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Figure 5. Quercetin induces cell apoptosis and inhibits the activation of AKT/mTOR/p70S6K pathway in prostate cancer cells.

(a) Quercetin inhibited VEGF secretion in prostate PC-3 cancer cells. VEGF level was estimated by ELISA method. Values are means ± SD (mean of triplicate). *p<0.05 denotes a statistically significant difference from untreated controls. (b) Quercetin inhibited cell viability of prostate PC-3 cancer cells. Cell viability was quantified by MTT assay. Values are means ± SD (mean of triplicate). *p<0.05 denotes a statistically significant difference from untreated controls. (c) Quercetin induced PC-3 cancer cell apoptosis by the cleaved-PARP analysis. PC-3 cells were treated with quercetin for 48 h, and whole cell proteins were analysed by Western blotting with antipoly (ADP-ribose) polymerase (PARP). (d) Quercetin inhibited the activation of AKT/mTOR/p70S6K pathway in PC-3 cells. Proteins from different treatments was tested by western blotting and probed with specific antibodies. Experiments were repeated for three times.

doi:10.1371/journal.pone.0047516.g005

Cell Proliferation Assay

HUVECs were seeded (5000 cells/well) in 96-well flat bottomed titer plate and incubated for 24 h at 37°C in 5% CO2 atmosphere. EGM-2 (0.5% FBS) containing 10 ng/mL VEGF with or without different dilutions of quercetin was added and incubated for 24 h. Relative cell proliferation was determined by MTT assay.

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Figure 6. Quercetin inhibits tumor growth in a xenograft mouse model.

PC-3 cells were injected into 6-week old BALB/cA nude mice (5×106 cells per mouse). After tumors grew to about 100 mm3, mice were treated intraperitoneally with or without quercetin (20 mg/kg/d). (a) Solid tumors in the quercetin treated mice were significantly smaller than those in the control mice. Quercetin significantly reduced (b) tumor volume, and (c) tumor weight, (d) but had no effect on the body weight of mice. Values are means ± SD (mean of triplicate). *p<0.05 denotes a statistically significant difference from untreated controls.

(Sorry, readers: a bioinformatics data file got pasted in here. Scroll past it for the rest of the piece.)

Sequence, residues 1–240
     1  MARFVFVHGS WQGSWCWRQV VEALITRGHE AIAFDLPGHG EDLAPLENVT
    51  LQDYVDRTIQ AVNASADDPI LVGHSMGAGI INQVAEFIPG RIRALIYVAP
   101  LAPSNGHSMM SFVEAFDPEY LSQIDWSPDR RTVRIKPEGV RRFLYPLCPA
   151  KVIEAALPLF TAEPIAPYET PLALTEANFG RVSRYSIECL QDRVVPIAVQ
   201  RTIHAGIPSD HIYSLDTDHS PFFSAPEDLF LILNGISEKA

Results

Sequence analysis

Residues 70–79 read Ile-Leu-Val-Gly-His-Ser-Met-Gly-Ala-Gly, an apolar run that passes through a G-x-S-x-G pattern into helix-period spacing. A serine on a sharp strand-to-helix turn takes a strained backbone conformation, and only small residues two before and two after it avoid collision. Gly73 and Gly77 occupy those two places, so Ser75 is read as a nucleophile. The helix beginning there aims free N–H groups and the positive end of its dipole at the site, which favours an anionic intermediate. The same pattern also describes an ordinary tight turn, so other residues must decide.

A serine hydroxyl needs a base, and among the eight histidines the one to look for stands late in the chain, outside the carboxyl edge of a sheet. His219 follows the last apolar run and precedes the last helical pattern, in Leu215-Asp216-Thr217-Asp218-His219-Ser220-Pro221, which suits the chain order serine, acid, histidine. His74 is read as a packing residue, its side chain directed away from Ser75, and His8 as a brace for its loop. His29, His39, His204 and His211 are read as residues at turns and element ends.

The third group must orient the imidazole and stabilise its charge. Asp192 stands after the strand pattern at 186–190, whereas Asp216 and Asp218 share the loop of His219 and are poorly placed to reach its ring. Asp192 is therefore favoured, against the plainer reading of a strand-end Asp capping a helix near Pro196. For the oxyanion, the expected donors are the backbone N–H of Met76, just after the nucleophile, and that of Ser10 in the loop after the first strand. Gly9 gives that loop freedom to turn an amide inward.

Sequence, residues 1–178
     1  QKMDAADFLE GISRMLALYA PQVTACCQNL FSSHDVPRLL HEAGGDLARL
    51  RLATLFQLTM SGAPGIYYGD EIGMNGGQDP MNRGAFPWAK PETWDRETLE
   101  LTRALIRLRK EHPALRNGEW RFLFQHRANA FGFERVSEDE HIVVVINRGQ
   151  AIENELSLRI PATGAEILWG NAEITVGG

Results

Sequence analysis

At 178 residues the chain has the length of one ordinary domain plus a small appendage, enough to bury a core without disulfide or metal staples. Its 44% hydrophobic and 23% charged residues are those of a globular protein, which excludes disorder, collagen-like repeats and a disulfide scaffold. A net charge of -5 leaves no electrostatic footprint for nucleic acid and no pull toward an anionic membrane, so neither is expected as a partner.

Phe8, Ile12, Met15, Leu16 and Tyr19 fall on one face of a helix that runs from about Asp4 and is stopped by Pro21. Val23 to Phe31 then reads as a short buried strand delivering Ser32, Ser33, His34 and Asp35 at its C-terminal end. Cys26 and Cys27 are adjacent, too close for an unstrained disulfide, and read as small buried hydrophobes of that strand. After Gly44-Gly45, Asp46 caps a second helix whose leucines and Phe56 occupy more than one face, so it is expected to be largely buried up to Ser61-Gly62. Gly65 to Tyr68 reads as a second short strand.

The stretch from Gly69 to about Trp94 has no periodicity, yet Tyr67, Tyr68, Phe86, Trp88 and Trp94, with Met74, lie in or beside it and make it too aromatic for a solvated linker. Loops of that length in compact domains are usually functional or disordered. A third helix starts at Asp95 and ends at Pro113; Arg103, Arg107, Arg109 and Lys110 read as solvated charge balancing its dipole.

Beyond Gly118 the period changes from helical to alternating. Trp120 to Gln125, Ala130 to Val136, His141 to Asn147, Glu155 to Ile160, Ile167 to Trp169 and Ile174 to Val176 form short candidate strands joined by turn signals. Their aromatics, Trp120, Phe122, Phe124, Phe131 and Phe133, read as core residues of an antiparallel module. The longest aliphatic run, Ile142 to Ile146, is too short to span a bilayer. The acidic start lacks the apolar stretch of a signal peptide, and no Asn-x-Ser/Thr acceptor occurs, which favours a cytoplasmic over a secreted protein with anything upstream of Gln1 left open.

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Wound-healing Migration Assay

HUVECs were grown into wells of collagen coated 24 well plate dishes to 100% confluence. Cells were starved to inactivate cell proliferation and then wounded by pipette tips. EGM-2 containing 0.5% FBS was added with or without 10 ng/mL VEGF and different dilutions of quercetin. Images of the cells were taken after 24 h of incubation. Migrated cells were quantified manually, and presented relative to untreated controls. Three independent experiments were performed.

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Figure 7. Quercetin inhibits tumor angiogenesis in vivo by suppressing AKT/mTOR/p70S6K pathway.

(a) Quercetin inhibited the activation of AKT/mTOR/p70S6K pathway in vivo. Proteins from tumor tissue was tested by western blotting and probed with specific antibodies. Experiments were repeated for three times. Quercetin inhibited tumor angiogenesis as evident from (b) CD31 and (c) CD34 immunohistochemistry. Tumor sections (5 µm) were incubated with a rabbit anti-CD31 and mouse anti-CD34 antibodies and were subsequently incubated with biotinylated anti-rabbit/anti-mouse secondary antibody, followed by staining with Vectastain ABC Kit.

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Transwell Invasion Assay

Transwell invasion assay was performed as described previously [19]. Briefly, HUVECs (105 cells/Transwell) along with the indicated concentrations of quercetin were seeded into the upper compartment of invasion chambers. The bottom chambers were filled with 500 µL EGM-2 supplemented with 10 ng/mL VEGF. After 24 h incubation, migrated cells were fixed with 3.7% paraformaldehyde and stained with 0.5% crystal violet in 2% ethanol. Membranes were washed and the dye was eluted with 10% acetic acid. Absorbance was measured at 595 nm using a microtiter plate reader (Beckman coulter). The number of invaded cells was presented relative to untreated controls.

Capillary-like Tube Formation Assay

HUVECs in medium EGM-2 were seeded into the matrigel layer in 24–well plates at a density of 6×104 cells/well along with 10 ng/ml VEGF. Various dilutions of quercetin were added into the wells and incubated for 24 h at 37°C in 5% CO2 atmosphere. Tube formation was examined and photographed using an inverted microscope (20X) [20].

ELISA Assays for Secretion of VEGF

PC-3 cells (2×105) were plated in 24-well plates and allowed to attach by overnight incubation at 37°C. Cells were treated with desired concentrations of quercetin for 24 h. Subsequently, the culture medium was collected and used to determine secretion of VEGF using commercially available kits according to the manufacturers’ recommendations.

Rat Aortic Ring Assay

The rat aortic ring assay was used as the in vitro angiogenesis study model [21]. Dorsal aorta from a freshly sacrificed Sprague–Dawley rat was taken out in a sterile manner and rinsed in ice cold PBS. It was then cut into ~1 mm long pieces using surgical blade. Each ring was placed in a collagen pre-coated 96-well plate. VEGF, with or without different dilutions of quercetin, was added to the wells. On day 6, the rings were analyzed by phase-contrast microscopy and microvessel outgrowths were quantified and photographed [22]. The assay was scored from 0 (least positive) to 5 (most positive) in a double-blind manner. Each data point was assayed 6 times [23].